The University has invested strategically to deliver more than £350 million worth of new facilities across its campuses in the past few years; including landmark new student services centres - the Forum in Exeter and The Exchange at Penryn - together with world-class new facilities for Biosciences, the Business School and the Environment and Sustainability Institute. There are plans for further investment between now and 2016.
About the University of Exeter's Centre for Ecology and Conservation (CEC)
Staff at the Centre for Ecology and Conservation, based on the Penryn Campus, undertake cutting-edge research that focusses on whole organism biology. The CEC has three interlinked research groups: Behaviour, Ecology and Conservation, and Evolution which constitute 40 academics and over 100 early career researchers. It engages widely with businesses, charities and government agencies and organisations in Cornwall, the Isles of Scilly and beyond to translate its research into societal impact. Staff at the CEC deliver educational programs to some 500 undergraduate and 100 postgraduate students.
A new £5.5 million Science and Engineering Research Support Facility (SERSF) is currently under construction at the Penryn Campus. The facility will bring pioneering business, science and engineering together and will provide space for the growing CEC alongside the University of Exeter Business School, which is expanding into Cornwall, and the University's Marine Renewables team.
The University of Exeter and Falmouth University are founding partners in the Combined Universities in Cornwall (CUC), a unique collaboration between six universities and colleges to promote regional economic regeneration through Higher Education, funded mainly by the European Union (Objective One and Convergence), the South West Regional Development Agency and the Higher Education Funding Council for England, with support from Cornwall Council.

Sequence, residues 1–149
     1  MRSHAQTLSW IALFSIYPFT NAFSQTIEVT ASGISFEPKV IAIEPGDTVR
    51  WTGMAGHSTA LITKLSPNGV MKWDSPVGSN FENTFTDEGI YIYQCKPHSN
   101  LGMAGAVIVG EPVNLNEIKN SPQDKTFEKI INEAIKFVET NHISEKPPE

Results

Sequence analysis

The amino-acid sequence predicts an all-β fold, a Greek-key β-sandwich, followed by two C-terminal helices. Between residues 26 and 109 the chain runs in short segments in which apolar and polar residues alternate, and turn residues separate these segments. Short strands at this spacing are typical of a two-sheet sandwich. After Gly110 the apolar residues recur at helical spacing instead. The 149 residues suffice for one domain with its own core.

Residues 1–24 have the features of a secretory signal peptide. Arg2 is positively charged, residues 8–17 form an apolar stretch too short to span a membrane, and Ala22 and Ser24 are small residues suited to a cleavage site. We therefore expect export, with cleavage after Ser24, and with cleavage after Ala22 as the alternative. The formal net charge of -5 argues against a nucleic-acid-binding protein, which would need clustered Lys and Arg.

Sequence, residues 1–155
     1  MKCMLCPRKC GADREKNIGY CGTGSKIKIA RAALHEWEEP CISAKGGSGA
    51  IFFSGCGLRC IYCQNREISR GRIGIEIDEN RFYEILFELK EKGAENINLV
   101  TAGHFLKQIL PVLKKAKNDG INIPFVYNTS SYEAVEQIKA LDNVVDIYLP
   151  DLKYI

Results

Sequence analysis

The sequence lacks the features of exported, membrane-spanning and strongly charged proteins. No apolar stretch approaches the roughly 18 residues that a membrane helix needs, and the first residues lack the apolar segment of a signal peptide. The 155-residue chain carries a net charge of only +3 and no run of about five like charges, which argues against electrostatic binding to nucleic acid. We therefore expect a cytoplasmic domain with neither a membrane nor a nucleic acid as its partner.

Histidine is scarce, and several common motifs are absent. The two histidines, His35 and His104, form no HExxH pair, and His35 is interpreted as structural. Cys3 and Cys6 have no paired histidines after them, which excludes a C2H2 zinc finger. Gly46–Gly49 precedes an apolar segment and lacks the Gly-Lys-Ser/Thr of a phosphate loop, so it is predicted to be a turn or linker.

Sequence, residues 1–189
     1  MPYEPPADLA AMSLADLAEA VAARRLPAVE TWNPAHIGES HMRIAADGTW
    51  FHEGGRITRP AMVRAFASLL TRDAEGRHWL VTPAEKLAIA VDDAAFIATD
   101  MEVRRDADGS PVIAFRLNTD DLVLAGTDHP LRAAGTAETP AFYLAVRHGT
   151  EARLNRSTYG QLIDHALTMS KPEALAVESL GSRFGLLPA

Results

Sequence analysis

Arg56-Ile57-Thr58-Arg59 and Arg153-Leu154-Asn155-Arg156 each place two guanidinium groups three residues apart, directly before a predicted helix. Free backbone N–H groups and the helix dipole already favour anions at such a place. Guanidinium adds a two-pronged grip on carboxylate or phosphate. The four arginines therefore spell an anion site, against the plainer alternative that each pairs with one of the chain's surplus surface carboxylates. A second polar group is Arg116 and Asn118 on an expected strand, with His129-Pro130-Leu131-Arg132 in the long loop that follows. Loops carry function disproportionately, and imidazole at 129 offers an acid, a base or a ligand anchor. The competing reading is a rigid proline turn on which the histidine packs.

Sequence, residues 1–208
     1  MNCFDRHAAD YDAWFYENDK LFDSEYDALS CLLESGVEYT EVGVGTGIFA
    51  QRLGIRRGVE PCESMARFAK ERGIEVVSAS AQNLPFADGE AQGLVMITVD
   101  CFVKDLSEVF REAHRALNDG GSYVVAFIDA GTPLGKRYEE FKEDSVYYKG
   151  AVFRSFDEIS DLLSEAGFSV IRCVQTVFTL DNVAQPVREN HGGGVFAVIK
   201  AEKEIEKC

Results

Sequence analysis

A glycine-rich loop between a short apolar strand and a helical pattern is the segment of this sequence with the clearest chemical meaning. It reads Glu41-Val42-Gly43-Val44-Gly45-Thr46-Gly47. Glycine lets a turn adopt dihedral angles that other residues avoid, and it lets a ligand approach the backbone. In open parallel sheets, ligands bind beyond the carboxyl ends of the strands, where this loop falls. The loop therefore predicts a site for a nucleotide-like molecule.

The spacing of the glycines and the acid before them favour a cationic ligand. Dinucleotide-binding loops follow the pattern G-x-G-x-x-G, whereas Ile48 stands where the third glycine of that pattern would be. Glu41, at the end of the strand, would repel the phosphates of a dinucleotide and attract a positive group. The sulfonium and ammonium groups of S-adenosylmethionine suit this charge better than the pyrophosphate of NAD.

Jo Bowler | EurekAlert!
How does the loss of species alter ecosystems?
18.05.2017 | Deutsches Zentrum für integrative Biodiversitätsforschung (iDiv) Halle-Jena-Leipzig
Excess diesel emissions bring global health & environmental impacts
16.05.2017 | International Institute for Applied Systems Analysis (IIASA)
Physicists from the University of Würzburg are capable of generating identical looking single light particles at the push of a button. Two new studies now demonstrate the potential this method holds.
The quantum computer has fuelled the imagination of scientists for decades: It is based on fundamentally different phenomena than a conventional computer....
An international team of physicists has monitored the scattering behaviour of electrons in a non-conducting material in real-time. Their insights could be beneficial for radiotherapy.
We can refer to electrons in non-conducting materials as ‘sluggish’. Typically, they remain fixed in a location, deep inside an atomic composite. It is hence...
Two-dimensional magnetic structures are regarded as a promising material for new types of data storage, since the magnetic properties of individual molecular building blocks can be investigated and modified. For the first time, researchers have now produced a wafer-thin ferrimagnet, in which molecules with different magnetic centers arrange themselves on a gold surface to form a checkerboard pattern. Scientists at the Swiss Nanoscience Institute at the University of Basel and the Paul Scherrer Institute published their findings in the journal Nature Communications.
Ferrimagnets are composed of two centers which are magnetized at different strengths and point in opposing directions. Two-dimensional, quasi-flat ferrimagnets...
An Australian-Chinese research team has created the world's thinnest hologram, paving the way towards the integration of 3D holography into everyday...
In the race to produce a quantum computer, a number of projects are seeking a way to create quantum bits -- or qubits -- that are stable, meaning they are not much affected by changes in their environment. This normally needs highly nonlinear non-dissipative elements capable of functioning at very low temperatures.
In pursuit of this goal, researchers at EPFL's Laboratory of Photonics and Quantum Measurements LPQM (STI/SB), have investigated a nonlinear graphene-based...
24.05.2017 | Event News
23.05.2017 | Event News
22.05.2017 | Event News
24.05.2017 | Physics and Astronomy
24.05.2017 | Physics and Astronomy
24.05.2017 | Event News